On Monday I rode over a frozen puddle and heard the ice crack under my tires. That is when I had to face the truth – winter is coming. And I’m sort of excited (even though I’m not entirely willing to admit that fall is over, because this has been an especially warm, beautiful fall). I didn’t experience winter last year, and so I am probably over romanticizing winter biking in my mind – but nonetheless I’m preparing myself.
Now I’m new to Boston and New England winter biking, and this entails scaling back my winter biking wardrobe from living in Minnesnowta. After a couple of winters biking in Minnesota, I had gathered clothing to prepare myself for the winter apocalypse – or more appropriately – consistent sub zero temps, wind chill you felt in your bones, and snow, ice, snow, ice, and some more snow on top of that ice. My typical winter attire looked a bit like this:
I’d wear a thick dry-wick base layer, a wool/cashmere sweater on top, and a rain jacket shell. I also wore a helmet insert of fake fur to cover my ears, ski goggles, a face shield (or whatever you call those things), a scarf (not pictured), and really warm mittens. And depending on the day 2-3 layers on my legs.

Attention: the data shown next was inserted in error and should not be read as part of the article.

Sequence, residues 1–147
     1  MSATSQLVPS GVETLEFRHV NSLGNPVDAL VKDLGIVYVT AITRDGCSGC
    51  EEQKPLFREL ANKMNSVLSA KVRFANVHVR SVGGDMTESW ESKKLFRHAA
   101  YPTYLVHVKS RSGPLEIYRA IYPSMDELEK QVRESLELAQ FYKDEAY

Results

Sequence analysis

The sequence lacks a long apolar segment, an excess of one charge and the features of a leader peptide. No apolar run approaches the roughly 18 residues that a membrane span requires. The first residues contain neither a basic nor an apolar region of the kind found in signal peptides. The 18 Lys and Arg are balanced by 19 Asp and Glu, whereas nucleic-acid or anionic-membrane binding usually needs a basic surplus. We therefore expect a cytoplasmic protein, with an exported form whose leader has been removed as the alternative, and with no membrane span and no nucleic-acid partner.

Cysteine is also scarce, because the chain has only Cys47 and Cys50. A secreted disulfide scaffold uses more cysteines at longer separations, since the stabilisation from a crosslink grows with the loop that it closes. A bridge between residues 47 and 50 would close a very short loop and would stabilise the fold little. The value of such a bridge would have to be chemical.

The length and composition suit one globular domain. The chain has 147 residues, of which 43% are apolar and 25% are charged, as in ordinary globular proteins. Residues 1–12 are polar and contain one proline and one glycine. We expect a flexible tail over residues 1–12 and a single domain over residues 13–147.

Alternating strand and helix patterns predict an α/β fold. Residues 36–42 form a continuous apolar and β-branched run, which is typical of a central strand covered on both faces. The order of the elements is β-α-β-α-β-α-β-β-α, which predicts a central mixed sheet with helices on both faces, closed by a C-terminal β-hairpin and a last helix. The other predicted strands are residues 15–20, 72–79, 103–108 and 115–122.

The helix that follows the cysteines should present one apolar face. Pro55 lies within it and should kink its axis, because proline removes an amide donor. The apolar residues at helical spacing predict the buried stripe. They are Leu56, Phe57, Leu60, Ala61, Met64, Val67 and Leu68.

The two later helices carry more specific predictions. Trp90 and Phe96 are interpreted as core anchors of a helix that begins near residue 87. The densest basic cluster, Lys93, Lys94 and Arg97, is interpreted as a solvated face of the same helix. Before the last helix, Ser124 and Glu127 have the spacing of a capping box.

And as you can imagine, if I tried to wear that here in Boston I would be sweating within two pedal strokes. Slowly but surely I’ve been gathering new clothing and accessories for the winter, and so far it looks something like this:
The jacket/wind breaker has reflective patterns (that are pretty ugly, but reflective) and so far it’s been a little too warm, and so I think it’ll be good when the temperature drops a little more. I picked up the hat recently at the Bikes Not Bombs bike shop, and it’s awesome. It’s light, and covers the back of my neck so if it’s not too cold I don’t need a scarf. But so far my favorite thing I’ve picked up are these garden gloves. I saw a lot of friends using these gloves for rainy bike polo in Germany, and they’re awesome. The backs of them are breathable, and the insides are rubber so they really stick to your grips, especially in the rain. And the best part – I got them for $3. That’s a deal. I’m not sure if they’ll be good enough when it gets really cold, but for now it’s working well.
I’ll update as winter progresses about new things I pick up, and any good clothing tips I come across.
If you’re looking for more winter biking resources you can check out all the articles on winter biking on Grease Rag. They are super informative and helpful.